Wednesday, November 3, 2010

Liberian courts' inability to adequately process their cases have led to hundreds of prisoners being held in extended pre-trial detention in overcrowded jails and detention centers in addition to them lacking basic sanitation and health care.

Source:FrontPage Africa

Geneva, Switzerland-

Liberia’s poor judiciary system’s inability to address the increasing number of pre-trial detention cases that continues to result into several individuals languishing behind prison bars and the Liberian government’s death penalty dominated Monday’s human rights review of the post-conflict nation in the ongoing Human Rights Universal Periodic Review being held in Switzerland.

Ranging from the Federal German Republic, France, Canada, Norway, China to a host of dozens of other countries, Permanent Representatives from the various countries to the United Nations were unanimous in their observations and recommendations on Liberia: that Liberia addresses the issues of pre-trial detentions and abolishes the death penalty.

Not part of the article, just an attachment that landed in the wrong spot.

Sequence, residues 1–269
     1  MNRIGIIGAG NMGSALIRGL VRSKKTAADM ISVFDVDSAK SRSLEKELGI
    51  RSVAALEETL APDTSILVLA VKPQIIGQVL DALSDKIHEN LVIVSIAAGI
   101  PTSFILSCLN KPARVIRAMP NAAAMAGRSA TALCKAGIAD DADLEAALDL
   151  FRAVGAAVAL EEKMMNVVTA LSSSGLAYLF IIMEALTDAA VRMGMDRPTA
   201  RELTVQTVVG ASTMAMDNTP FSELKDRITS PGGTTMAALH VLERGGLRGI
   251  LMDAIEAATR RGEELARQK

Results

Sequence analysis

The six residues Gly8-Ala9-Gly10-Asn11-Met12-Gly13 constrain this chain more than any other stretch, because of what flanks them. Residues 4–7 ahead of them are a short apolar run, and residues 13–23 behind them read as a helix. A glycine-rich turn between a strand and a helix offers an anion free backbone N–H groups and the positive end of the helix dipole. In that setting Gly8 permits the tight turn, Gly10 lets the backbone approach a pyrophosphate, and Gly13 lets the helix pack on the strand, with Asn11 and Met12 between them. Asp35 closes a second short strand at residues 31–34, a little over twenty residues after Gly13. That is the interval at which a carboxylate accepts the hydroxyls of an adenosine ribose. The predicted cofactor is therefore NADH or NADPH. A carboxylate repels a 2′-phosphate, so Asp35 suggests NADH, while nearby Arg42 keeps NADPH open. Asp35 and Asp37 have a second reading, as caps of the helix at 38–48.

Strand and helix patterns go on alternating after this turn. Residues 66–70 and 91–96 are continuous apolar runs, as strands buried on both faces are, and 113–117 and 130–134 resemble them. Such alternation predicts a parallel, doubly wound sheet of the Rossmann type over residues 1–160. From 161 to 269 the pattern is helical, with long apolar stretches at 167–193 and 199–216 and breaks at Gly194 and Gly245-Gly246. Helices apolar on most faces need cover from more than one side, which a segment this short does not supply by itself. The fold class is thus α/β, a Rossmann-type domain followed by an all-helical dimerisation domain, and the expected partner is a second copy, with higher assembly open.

Participants at Geneva conference. According to UPR Report, only 10 percent of some 800 individuals detained in Liberia's prisons had been convicted of a crime in 2009 while hundreds of prisoners escaped in jailbreaks, illuminating the stark inability of the corrections sector to secure Liberia's prisons.

As the Liberian delegation, led by its Attorney-General and Justice Minister Chritiana Tah and Labor Minister Tiawon Gongloe, sought to address various issues characterizing the country’s human rights reports, concerns about Liberia’s human rights review began the first day of a 12-day event of the UN Human Rights Council’s Universal Periodic Review (UPR).

Sponsored by the Geneva-based Media21, the ongoing UPR is a unique process which involves a review of the human rights records of all 192 UN member states once every four years that is held under the auspices of the UN’s Human Rights Council. It provides the opportunity for each state to declare what actions they have taken to improve the human rights situations in their countries and to fulfill their human rights obligations.

Liberian courts' inability to adequately process their cases have led to hundreds of prisoners being held in extended pre-trial detention in overcrowded jails and detention centers in addition to them lacking basic sanitation and health care.

France said its delegation wants the Liberian Government to take steps against pre-detention issues and inquired about how many persons are affected by court sentence.